Computer Science 252
Algorithms and Data Structures
Last update: March 23, 2015
Winter 2015  Course Syllabus



Instructor

Luc Devroye 
Email to lucdevroye@gmail.com 
Tel: (514) 3983738 (office) 
McConnell Engineering Building, Room 300N 
Office hours: Tuesday, 13:0014:00pm, Wednesday, 1011:30am,
and any time my door is open.
You don't work for meI work for you.

Time and location

Tuesday, Thursday, 11:3013:00, January 6, 2015  April 2, 2015.
Room: Trottier 70.
Midterm: February 17, 2015, 11:3013:00am, Trottier 70.
Study break: March 26, 2015.
Extra lecture: Friday, February 27, 2015, 11:30am1pm, Leacock 14.
Extra lecture: Friday, March 27, 2015, 11:30am1pm, Trottier 2120.
These lectures replace those of April 7 and 9.
Final: April 27, 25pm, SADB 1/12.
Assignment 6:
Assignment 6 can be picked up Monday April 20 and Tuesday April 21 from 1112am in my office. Later pickups can be arranged by email.
If you just want to know your grade, email me.

The final

No cheat sheets, no devices.
The final comprises seven questions:
 Question 1. Algorithm from the early part of the course (30%)
 Question 2. Definition with a drawing (10%)
 Question 3. Six definitionsall answers should be short (12%)
 Question 4. Graph algorithm (20%)
 Question 5. Hashing (10%)
 Question 6. An algorithm from the latter part of the course (10%)
 Question 7. An algorithm from the latter part of the course (8%)

Teaching assistants 
Email to Maziar Gomrokchi.
Office hours: Monday, 11:30am1pm, Wednesday, 45:30pm. Office: McConnell South 110 (Quantum Information Theory Lab).
Email to Haomin (Calvin) Zheng.

Lectures (2015)

Material covered in each lecture in 2015.
Material covered in each lecture in 2014.
This is for your information only. The pace, order and contents in 2015
may be different.
In fact, some topics
will be skipped altogether, and at least two new ones will be
introduced.

Objectives

 Introduce the student to algorithmic analysis.
 Introduce the student to the fundamental data structures.
 Introduce the student to problem solving paradigms.

Contents

Part 1. Data types.
 Abstract data types.
 Lists. Linked lists. Examples such as sparse arrays.
 Stacks. Examples of the use of stacks in recursion and problem solving.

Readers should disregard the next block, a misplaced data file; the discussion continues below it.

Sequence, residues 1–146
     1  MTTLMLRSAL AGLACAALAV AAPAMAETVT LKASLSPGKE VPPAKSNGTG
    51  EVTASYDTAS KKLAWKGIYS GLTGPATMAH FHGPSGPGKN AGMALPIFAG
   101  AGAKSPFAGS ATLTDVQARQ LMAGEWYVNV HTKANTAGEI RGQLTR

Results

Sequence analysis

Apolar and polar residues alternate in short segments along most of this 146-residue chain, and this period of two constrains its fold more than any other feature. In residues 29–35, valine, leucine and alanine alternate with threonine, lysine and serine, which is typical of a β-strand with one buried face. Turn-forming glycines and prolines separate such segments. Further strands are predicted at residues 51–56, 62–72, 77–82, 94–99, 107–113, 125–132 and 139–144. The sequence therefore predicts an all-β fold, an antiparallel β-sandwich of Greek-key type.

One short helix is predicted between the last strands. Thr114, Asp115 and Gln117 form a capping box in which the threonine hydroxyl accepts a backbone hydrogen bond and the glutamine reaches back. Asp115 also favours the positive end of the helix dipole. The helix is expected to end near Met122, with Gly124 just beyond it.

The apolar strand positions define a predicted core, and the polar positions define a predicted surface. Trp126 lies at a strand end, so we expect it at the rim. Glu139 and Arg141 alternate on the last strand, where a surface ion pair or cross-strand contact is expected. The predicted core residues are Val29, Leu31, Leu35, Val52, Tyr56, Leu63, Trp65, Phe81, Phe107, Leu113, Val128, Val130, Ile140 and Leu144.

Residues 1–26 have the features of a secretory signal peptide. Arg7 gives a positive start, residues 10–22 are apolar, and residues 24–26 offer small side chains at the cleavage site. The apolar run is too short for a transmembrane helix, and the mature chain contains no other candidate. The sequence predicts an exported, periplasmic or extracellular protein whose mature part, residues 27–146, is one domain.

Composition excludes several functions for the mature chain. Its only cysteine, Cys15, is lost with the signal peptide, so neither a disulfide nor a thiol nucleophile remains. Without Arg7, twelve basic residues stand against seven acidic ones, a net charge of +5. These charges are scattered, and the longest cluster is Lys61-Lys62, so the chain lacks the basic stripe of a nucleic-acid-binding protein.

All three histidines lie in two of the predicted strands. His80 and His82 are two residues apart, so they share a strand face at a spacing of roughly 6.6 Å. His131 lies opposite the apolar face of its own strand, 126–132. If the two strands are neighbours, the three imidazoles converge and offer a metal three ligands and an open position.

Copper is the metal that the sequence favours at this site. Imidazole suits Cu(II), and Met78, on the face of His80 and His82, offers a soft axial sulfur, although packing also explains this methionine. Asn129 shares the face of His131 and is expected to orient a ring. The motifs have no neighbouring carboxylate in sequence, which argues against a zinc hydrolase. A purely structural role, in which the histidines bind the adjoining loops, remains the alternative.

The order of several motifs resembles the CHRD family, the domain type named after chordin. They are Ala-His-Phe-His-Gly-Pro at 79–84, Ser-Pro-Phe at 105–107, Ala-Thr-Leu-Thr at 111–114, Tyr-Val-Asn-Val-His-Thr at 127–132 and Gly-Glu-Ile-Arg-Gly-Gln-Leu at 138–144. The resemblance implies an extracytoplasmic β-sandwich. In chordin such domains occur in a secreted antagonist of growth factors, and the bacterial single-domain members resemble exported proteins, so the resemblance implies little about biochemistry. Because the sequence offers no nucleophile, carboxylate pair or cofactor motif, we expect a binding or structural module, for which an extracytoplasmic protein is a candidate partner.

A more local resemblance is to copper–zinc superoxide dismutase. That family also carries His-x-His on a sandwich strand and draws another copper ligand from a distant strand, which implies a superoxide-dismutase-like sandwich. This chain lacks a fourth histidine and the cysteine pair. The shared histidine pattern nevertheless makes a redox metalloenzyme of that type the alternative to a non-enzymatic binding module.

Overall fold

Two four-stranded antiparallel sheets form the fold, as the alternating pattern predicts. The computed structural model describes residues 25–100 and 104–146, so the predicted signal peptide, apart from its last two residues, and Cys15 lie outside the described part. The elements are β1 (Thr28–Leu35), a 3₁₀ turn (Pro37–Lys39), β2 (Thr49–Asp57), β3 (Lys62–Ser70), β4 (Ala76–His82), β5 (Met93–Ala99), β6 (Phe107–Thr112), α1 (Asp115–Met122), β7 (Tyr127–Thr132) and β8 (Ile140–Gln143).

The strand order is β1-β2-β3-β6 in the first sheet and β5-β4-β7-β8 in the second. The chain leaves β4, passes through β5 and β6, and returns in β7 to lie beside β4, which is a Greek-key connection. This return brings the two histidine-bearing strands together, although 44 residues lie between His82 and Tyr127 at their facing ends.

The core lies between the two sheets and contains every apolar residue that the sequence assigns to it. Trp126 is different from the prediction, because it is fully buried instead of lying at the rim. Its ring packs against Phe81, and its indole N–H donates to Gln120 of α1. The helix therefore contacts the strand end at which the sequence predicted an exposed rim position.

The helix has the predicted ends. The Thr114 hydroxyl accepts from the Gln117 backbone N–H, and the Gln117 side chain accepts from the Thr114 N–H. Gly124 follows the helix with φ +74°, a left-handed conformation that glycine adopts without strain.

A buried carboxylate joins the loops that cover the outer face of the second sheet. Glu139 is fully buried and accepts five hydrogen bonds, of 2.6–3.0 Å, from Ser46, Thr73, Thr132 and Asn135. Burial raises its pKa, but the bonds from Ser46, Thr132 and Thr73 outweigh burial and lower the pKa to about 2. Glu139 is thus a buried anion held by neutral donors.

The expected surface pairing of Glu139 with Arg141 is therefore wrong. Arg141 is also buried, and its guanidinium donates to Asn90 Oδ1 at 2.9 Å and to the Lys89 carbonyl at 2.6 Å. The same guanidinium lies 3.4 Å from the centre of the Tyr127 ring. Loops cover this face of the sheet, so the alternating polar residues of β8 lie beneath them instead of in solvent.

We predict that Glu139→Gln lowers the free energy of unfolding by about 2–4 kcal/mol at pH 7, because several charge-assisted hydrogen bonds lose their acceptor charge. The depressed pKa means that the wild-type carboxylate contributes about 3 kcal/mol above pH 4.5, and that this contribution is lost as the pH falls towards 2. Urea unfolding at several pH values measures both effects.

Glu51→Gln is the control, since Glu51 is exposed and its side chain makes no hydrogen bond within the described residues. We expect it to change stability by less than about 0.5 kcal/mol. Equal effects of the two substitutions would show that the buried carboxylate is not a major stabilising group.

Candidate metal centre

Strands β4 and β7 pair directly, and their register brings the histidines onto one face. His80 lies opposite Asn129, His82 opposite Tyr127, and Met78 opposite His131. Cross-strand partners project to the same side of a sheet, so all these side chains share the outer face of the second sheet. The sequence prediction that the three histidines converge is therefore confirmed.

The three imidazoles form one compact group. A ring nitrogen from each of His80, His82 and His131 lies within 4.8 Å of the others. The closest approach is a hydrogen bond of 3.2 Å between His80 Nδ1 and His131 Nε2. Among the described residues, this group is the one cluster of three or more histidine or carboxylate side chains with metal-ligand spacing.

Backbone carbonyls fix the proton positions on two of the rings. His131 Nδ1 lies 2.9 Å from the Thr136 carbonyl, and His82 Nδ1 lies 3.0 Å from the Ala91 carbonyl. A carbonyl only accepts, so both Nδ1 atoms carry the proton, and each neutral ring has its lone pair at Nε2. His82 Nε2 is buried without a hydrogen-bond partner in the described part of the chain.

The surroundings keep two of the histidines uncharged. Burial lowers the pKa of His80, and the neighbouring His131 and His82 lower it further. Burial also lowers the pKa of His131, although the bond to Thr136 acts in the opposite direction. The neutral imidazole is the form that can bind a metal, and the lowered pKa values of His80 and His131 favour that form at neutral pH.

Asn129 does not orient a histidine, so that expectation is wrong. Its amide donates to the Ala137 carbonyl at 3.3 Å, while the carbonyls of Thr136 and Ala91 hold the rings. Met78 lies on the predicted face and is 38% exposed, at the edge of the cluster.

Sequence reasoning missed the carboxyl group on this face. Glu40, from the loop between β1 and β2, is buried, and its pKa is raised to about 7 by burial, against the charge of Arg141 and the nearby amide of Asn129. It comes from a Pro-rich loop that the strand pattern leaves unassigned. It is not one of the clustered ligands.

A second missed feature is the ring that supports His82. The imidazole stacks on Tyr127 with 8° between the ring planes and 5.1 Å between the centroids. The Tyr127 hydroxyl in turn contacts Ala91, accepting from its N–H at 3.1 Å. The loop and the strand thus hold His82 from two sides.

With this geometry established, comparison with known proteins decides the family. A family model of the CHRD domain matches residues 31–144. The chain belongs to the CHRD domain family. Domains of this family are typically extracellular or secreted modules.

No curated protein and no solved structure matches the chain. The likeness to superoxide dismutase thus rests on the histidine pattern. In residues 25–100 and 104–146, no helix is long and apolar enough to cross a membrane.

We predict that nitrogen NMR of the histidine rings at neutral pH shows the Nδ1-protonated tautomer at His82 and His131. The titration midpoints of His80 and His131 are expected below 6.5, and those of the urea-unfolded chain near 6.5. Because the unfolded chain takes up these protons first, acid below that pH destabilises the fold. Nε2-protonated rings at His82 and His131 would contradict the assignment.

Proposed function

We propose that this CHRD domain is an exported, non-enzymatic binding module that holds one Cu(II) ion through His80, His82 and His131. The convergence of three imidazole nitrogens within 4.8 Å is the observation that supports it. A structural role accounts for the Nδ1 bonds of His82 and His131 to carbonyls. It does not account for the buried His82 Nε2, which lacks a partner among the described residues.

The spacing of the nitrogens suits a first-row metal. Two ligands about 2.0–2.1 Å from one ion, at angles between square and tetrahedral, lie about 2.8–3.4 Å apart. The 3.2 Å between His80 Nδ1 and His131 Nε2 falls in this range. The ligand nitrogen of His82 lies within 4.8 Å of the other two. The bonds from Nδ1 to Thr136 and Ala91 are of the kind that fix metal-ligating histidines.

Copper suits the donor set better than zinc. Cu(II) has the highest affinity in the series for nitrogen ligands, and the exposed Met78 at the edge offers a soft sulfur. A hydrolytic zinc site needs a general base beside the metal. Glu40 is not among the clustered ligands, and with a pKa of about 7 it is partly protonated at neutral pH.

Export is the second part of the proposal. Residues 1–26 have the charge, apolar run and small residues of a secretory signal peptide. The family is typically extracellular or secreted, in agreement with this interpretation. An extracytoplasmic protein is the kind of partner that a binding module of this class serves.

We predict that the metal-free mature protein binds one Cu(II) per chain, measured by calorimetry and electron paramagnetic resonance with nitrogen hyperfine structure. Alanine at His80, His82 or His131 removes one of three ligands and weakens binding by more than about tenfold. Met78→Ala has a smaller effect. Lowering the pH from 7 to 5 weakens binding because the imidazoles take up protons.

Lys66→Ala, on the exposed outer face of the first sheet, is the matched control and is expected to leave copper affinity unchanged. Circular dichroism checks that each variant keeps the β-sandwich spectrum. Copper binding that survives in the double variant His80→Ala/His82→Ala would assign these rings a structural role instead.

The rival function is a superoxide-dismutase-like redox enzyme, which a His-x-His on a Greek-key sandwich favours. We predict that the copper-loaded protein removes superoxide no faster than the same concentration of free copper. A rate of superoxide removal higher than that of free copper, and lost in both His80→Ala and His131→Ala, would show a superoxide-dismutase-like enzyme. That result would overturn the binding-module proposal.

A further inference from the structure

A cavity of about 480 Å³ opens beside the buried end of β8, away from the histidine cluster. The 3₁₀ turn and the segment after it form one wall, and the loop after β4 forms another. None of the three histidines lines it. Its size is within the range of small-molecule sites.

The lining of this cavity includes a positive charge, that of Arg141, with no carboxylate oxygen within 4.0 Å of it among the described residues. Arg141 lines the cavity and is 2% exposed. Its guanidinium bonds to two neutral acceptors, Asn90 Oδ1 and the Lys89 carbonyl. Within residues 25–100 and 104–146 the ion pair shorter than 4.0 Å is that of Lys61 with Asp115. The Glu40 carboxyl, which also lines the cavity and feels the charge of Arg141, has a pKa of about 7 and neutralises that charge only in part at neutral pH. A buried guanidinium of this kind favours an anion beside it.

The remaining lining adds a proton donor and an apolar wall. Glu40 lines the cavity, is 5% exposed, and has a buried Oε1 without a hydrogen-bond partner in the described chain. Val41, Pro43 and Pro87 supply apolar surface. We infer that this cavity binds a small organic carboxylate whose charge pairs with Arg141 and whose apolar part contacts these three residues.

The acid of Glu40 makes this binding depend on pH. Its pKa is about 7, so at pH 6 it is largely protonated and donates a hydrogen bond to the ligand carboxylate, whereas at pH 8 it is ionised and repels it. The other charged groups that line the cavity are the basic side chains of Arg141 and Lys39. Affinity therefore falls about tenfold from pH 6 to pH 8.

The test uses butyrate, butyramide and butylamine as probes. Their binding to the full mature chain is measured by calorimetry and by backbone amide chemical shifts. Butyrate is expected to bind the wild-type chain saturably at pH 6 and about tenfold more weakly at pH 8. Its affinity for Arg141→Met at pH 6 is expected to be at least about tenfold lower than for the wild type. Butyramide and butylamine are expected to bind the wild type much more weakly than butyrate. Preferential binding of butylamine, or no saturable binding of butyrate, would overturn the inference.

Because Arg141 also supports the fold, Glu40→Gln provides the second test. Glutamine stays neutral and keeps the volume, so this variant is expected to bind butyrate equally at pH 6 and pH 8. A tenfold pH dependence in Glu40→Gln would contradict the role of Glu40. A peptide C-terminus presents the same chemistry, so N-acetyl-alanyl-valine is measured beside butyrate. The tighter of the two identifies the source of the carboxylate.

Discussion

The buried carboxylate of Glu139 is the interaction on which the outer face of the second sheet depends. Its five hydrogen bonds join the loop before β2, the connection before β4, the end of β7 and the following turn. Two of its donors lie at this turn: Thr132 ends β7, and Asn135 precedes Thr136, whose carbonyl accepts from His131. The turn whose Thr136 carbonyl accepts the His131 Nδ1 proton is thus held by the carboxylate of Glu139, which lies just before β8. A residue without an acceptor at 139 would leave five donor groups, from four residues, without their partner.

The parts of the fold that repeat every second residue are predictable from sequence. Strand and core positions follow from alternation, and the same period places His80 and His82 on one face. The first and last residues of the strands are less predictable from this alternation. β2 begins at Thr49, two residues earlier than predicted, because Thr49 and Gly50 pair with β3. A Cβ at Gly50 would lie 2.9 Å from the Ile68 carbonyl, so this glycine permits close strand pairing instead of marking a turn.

Queues.
 Trees. Traversal. Implementations. Binary trees.
 Indexing methods. Hashing.
 Introduction to abstract data types such as mathematical set,
priority queue, mergefind set and dictionary.
 Heaps.
 Binary search trees, balanced search trees.
 Tries, suffix trees.
 Data structures for coding and compression.
Part 2. Algorithm design and analysis.
 The running time of a program.
 Worstcase and expected time complexity.
 Analysis of simple recursive and nonrecursive algorithms.
 Searching, merging and sorting.
 Amortized analysis.
 Lower bounds.
 Introductory notions of algorithm design:
 Divideandconquer. Recurrences. The master theorem. Quicksort. Other examples such as fast multiplication of polynomials and matrices. Fast Fourier transform.
 Dynamic programming. Examples such as BellmanFord network flow, sequence alignment, knapsack problems and Viterbi's algorithm.
 Greedy methods. This includes the minimal spanning tree algorithm and Huffman coding.
 Graph algorithms.
 Depthfirst search and breadthfirst search
 Shortest path problems
 Minimum spanning trees
 Directed acyclic graphs
 Network flows and bipartite matching

Evaluation

 Assignments: 42% (Six theoretical assignments will be given,
each worth 7% of the total mark.)
 Midterm: 8%
 Final: 50%

Prerequisites

Computer Science 250. Mathematics 240.
Recommended background: Mathematics, discrete mathematics, arguments by induction.
Restricted to Honours students in Mathematics and/or Computer Science.

Textbook

T.H. Cormen, C.E.Leiserson, R.L.Rivest, and C. Stein:
Introduction to Algorithms (Third Edition), MIT Press, Cambridge, MA, 2009. Amazon link.
There are several printings of the first
edition of this book. All are equivalent.
A list of errata of the second printing
is available online.
Excellent pirated copies of this book are navigating the web.
Another appropriate text, with a different focus (more algorithms, fewer data structures) is by J. Kleinberg and E. Tardos:
"Algorithm Design". Pearson, Boston, 2006.

Online resources

Class notes
(Outdated) class notes from 1997 compiled by students, listed below. Use at your own risk.
Old Assignments
Assignment 1 (Jan 18, 2000)
Assignment 2 (Feb 8, 2000)
Solution of assignment 2
Assignment 3 (Mar 14, 2000)
Solution of assignment 3
Assignment 4 (Mar 21, 2000)
Solution of assignment 4
Old Tutorials
Tutorial 2 (Feb 1, 2000)
Tutorial 4 (Mar 7, 2000)
Old Midterms
Midterm 1992: PostScript
Midterm 1996: PostScript
Midterm 1997: PostScript; PDF
Midterm 1999: PostScript; PDF
First midterm 2000: HTML
Second midterm 2000: HTML
Old Finals
Finals pre1996: PostScript
Final 1996: PostScript
Final 1997: PostScript; PDF
Final 1997 answers: ascii text
Final 1999: HTML
Final 2000: HTML
Practice questions
Practice questions set 1
Practice questions set 1: answers
Practice questions set 2
Practice questions set 2: answers
Practice questions set 3
Practice questions set 3: answers
Practice questions set 4
Practice questions set 4: answers
Practice questions set 5
Practice questions set 5: answers